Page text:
Identify different organisational structures used within business organisation
Businesses small or large all need structures. Without them, even the most promising businesses would fall to shambles, it helps a business organise itself, and make sure that it is maximising its potential. Depending on the size and purpose of a business will determine what type of structure it will require. There are three types of business structures; hierarchical, flat and matrix.
This type of structure is preferred for large commercial businesses that have a main goal of selling products, for example a shopping centre like Tesco. Reasons for this are because hierarchical structures have different levels of managers then a steep drop down to staff. This is relevant to Tesco as they have only a handful of managers in comparison to the thousands of staff they have. Roles in this structure are easier to follow, as you only do what you are employed for, i.e. staff work in the shops, and the manager’s work in offices. One specific advantage to this structure is that decisions can be made quickly and easily because of the abundance of managers, but a disadvantage is that there is a lack of communication between staff and managers as there is so much staff to pass the information around to at the same time, therefore the managers often end up slightly neglecting the staff as they do not have much idea of what’s actually happening down on the front line.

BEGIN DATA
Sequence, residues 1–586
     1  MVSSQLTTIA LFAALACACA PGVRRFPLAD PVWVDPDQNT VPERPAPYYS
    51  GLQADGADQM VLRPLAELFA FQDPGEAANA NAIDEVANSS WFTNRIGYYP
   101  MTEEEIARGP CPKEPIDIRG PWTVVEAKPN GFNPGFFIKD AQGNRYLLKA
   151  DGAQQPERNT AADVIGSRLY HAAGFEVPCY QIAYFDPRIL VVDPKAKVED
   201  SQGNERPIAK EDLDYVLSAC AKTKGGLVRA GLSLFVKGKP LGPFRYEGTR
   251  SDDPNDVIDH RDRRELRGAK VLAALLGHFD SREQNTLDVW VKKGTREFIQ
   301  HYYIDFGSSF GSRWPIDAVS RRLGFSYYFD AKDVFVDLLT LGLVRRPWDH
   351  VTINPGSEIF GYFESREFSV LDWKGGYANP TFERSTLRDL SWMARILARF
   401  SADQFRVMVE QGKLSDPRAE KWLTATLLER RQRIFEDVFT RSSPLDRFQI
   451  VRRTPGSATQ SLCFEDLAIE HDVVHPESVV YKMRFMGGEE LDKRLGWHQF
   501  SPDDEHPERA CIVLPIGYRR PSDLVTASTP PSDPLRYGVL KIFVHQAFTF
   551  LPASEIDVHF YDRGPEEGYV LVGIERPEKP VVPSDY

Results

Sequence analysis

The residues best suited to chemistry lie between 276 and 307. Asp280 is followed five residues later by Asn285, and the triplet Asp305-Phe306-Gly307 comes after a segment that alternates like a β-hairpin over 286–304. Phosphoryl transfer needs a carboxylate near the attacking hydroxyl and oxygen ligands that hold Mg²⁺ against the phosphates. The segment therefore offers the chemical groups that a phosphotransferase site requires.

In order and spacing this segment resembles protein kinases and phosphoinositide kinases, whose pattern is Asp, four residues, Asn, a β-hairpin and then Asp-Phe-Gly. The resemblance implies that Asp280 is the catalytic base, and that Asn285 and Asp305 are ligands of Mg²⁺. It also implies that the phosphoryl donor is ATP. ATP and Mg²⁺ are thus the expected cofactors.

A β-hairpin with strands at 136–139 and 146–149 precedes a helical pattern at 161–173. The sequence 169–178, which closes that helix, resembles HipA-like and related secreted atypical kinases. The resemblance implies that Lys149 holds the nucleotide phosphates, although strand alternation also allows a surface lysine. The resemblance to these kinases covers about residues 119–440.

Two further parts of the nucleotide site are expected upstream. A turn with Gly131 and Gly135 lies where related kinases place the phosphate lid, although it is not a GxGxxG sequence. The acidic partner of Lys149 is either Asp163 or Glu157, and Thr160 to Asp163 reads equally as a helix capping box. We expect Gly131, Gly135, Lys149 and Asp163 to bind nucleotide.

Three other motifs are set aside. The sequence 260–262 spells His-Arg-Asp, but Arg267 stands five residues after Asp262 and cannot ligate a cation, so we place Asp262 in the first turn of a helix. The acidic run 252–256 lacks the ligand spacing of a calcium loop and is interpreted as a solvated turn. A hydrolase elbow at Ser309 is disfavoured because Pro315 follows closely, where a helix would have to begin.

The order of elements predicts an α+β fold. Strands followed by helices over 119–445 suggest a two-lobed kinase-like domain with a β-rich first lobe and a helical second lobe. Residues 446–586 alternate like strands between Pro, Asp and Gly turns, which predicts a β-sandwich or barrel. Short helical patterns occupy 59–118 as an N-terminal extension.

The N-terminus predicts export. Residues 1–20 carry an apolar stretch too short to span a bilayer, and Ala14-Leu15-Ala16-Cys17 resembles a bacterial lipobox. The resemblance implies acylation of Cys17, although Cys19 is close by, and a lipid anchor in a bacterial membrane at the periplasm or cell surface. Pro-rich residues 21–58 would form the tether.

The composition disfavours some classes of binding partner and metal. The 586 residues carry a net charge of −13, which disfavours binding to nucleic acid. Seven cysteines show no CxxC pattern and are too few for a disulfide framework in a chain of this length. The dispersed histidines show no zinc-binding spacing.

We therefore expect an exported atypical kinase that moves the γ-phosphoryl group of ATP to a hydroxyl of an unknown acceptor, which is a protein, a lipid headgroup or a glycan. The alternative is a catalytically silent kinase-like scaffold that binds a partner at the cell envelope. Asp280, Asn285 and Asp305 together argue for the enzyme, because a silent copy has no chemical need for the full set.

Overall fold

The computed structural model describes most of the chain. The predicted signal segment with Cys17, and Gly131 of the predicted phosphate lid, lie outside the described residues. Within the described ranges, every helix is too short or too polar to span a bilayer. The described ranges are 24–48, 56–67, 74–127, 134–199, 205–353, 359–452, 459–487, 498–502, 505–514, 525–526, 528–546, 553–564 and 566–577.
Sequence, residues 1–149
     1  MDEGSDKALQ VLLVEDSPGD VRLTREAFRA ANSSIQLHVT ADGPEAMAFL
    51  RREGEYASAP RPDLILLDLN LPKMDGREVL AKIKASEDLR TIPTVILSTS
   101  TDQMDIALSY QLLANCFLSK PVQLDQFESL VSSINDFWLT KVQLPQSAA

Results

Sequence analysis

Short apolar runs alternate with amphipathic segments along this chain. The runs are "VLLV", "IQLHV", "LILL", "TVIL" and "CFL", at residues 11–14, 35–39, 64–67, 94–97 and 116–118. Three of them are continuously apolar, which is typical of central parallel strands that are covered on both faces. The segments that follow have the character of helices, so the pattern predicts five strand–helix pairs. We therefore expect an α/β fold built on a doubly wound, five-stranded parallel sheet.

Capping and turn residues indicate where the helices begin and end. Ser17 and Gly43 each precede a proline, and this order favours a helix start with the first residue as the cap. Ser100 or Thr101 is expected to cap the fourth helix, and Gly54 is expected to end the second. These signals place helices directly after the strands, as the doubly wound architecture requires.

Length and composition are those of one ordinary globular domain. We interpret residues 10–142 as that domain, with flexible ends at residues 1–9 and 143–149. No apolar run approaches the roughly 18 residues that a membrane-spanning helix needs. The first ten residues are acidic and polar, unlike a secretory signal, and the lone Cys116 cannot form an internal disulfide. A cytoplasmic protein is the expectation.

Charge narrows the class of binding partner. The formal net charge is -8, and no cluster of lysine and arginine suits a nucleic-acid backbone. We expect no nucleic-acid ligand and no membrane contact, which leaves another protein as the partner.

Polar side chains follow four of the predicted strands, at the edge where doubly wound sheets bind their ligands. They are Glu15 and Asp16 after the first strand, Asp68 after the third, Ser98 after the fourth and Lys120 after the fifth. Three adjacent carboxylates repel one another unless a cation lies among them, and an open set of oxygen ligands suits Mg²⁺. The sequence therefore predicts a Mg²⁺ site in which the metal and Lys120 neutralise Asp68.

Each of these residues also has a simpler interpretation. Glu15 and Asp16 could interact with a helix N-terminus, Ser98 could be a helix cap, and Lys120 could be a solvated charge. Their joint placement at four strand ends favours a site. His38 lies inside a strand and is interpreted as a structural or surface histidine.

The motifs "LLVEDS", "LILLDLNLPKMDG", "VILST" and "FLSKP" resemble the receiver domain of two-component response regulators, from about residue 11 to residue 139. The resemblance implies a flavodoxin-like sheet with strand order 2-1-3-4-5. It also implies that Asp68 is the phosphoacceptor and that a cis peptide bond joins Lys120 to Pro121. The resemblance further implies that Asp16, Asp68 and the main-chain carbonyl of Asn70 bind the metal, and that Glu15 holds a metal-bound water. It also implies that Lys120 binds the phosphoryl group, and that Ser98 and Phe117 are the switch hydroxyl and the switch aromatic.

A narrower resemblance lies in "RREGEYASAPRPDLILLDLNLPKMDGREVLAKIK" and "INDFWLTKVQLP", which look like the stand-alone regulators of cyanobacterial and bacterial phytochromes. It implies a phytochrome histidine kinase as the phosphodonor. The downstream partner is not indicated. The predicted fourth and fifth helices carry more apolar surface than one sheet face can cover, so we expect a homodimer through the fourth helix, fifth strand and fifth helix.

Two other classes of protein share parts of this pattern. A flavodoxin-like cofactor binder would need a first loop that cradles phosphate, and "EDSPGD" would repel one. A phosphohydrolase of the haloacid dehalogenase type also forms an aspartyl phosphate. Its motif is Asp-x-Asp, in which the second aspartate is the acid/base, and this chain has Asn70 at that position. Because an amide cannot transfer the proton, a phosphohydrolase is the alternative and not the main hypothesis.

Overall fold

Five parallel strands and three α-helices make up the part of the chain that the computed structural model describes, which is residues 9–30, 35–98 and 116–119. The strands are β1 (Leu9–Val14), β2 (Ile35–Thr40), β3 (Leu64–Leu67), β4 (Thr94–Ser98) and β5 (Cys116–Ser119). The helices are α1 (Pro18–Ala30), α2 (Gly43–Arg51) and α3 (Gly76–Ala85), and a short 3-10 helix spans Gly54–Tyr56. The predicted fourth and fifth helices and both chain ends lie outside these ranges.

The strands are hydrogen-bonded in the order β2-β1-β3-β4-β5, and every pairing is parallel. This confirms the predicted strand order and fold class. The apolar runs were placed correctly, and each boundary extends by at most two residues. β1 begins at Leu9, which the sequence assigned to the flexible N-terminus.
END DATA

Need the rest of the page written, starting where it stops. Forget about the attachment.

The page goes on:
Have a lot less levels of staff usually from two to three; this structure is mostly present in smaller businesses such as a small hairdressers or estate agents. It usually has a manager and then just a few staff members underneath him or her. It is a preferred structure for smaller sole traders such as these examples, as they have excellent communication and can come up with ideas together to help the business as well as making all employees feel like they are part of a close knit group, which also helps...